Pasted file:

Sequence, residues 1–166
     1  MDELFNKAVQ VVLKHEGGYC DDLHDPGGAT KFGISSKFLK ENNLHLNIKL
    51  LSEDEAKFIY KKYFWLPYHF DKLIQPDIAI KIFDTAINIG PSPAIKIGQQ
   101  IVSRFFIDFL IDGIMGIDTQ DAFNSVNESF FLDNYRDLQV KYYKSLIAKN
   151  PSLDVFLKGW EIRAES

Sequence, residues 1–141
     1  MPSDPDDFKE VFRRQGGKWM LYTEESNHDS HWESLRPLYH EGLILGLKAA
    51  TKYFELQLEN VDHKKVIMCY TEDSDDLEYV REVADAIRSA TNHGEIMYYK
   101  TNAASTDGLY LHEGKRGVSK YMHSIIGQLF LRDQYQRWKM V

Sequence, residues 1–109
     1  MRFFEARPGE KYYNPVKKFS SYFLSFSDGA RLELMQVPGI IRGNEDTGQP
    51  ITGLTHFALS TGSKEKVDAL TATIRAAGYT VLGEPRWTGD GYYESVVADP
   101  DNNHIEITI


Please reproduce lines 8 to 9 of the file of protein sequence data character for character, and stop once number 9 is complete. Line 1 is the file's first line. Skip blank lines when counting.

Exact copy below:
    51  TKYFELQLEN VDHKKVIMCY TEDSDDLEYV REVADAIRSA TNHGEIMYYK
   101  TNAASTDGLY LHEGKRGVSK YMHSIIGQLF LRDQYQRWKM V